29. Landing page
The page on your site that a visitor reaches after clicking on your website listing in search engines. Having an attractive landing page that answers the user’s search query is important to lower bounce rates and get the user to stay on the page for longer.
How important is SEO when it comes to a marketing plan?
SEO is a great way to drive traffic and sales on your site. If you want to get more online leads, traffic, or website visitors, search engine optimization can be an extremely useful tool.
But SEO has a dark side too, in the sense that if your SEO isn’t done right, it can end up hurting your site’s rankings instead of helping. The good news is that if you’re running your website on a CMS (content management system) such as WordPress, there are plenty of plugins that can help with publishing SEO content faster, making your life a little bit easier.
Is hiring a dedicated in-house SEO specialist worth it?
Yes. SEO has a lot of importance for businesses and it does require the expertise of someone who knows its ins and outs.
If you do hire an in-house SEO specialist, make sure he/she is well versed with Google’s latest algorithm updates. It’s also a great idea to keep up to date on what works today in the SEO world as this will earn you huge rewards in terms of ROI.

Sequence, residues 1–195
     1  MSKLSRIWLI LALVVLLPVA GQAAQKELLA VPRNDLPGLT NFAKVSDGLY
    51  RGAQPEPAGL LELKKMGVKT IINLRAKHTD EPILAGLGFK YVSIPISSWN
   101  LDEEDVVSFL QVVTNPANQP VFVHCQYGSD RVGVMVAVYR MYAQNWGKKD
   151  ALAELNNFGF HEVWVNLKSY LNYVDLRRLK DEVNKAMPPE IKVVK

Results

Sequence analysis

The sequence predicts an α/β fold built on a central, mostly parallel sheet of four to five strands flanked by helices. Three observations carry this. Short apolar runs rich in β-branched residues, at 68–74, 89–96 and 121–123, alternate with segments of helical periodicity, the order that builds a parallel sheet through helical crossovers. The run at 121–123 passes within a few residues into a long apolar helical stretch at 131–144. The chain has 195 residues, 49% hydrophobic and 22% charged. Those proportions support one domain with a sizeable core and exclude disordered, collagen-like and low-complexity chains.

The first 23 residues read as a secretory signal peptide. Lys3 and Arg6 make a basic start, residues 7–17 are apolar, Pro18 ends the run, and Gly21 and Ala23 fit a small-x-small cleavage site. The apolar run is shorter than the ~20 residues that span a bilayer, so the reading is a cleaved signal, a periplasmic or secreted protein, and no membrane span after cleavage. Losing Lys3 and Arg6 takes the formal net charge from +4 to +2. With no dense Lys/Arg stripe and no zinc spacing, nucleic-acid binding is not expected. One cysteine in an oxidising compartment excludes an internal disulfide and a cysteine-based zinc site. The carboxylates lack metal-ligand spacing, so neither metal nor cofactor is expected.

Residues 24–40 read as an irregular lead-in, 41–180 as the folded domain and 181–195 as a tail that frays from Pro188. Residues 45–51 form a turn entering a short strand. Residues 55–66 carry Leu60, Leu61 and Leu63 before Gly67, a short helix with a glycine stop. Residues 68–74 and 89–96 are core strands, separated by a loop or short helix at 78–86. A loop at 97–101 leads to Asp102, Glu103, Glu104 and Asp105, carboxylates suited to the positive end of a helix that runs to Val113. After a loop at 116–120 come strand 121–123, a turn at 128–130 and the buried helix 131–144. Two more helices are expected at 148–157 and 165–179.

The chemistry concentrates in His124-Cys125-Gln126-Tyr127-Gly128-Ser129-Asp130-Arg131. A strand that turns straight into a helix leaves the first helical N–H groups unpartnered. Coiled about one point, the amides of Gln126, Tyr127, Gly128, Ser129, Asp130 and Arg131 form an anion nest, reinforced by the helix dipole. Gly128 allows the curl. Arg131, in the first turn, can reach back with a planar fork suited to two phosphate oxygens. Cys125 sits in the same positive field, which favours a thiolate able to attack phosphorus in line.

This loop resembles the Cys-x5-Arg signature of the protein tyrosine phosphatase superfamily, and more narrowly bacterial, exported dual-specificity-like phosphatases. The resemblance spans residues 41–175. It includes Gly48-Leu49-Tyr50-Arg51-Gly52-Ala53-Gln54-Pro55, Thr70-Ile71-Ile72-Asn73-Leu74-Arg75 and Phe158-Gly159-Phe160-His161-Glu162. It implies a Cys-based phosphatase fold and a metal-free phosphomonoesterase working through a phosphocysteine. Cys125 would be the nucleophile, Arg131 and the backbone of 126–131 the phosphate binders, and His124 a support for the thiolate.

Can small businesses afford SEO services?
In reality, small businesses can’t afford not to make use of SEO services – they are now really a necessity at the moment. This is even truer when one considers the ongoing increase in the price of ads. If your business already has a website, then you should be doing all that is necessary to improve your rankings.
In other words: if you don’t have a plan in place yet for ranking your site, you need to develop one in the near future. You should optimize your site for search engines and that means hiring an SEO specialist or at least working with someone who can help you. The sooner you take action on this issue, the better off your business will be.
If your small business doesn’t have enough money to hire a dedicated person to handle your SEO efforts, then you’ll need to pick up some of the slack yourself. Even if you don’t have experience when it comes to ranking sites well in search engine results pages, there are plenty of easy SEO tactics that you can implement to get better search engine results.
What makes for effective SEO?
In many ways, an effective SEO effort boils down to a simple concept: make sure you’re doing all of the right things on your site.
If your website is well-designed and has relevant, high-quality content that answers searchers’ intent and questions, it’s going to have a much better shot at ranking highly for the keywords that are most important for your business.
When developing an SEO strategy for your website, no matter what kind of business you operate online, here are five effective tips to consider:
- Create Original Content: When Google crawls your site and sees duplicate content from other sites, either because some of the text on your pages comes directly from another source or because there are many versions or duplicates of the same content across numerous pages on your site, you could be penalized for that content.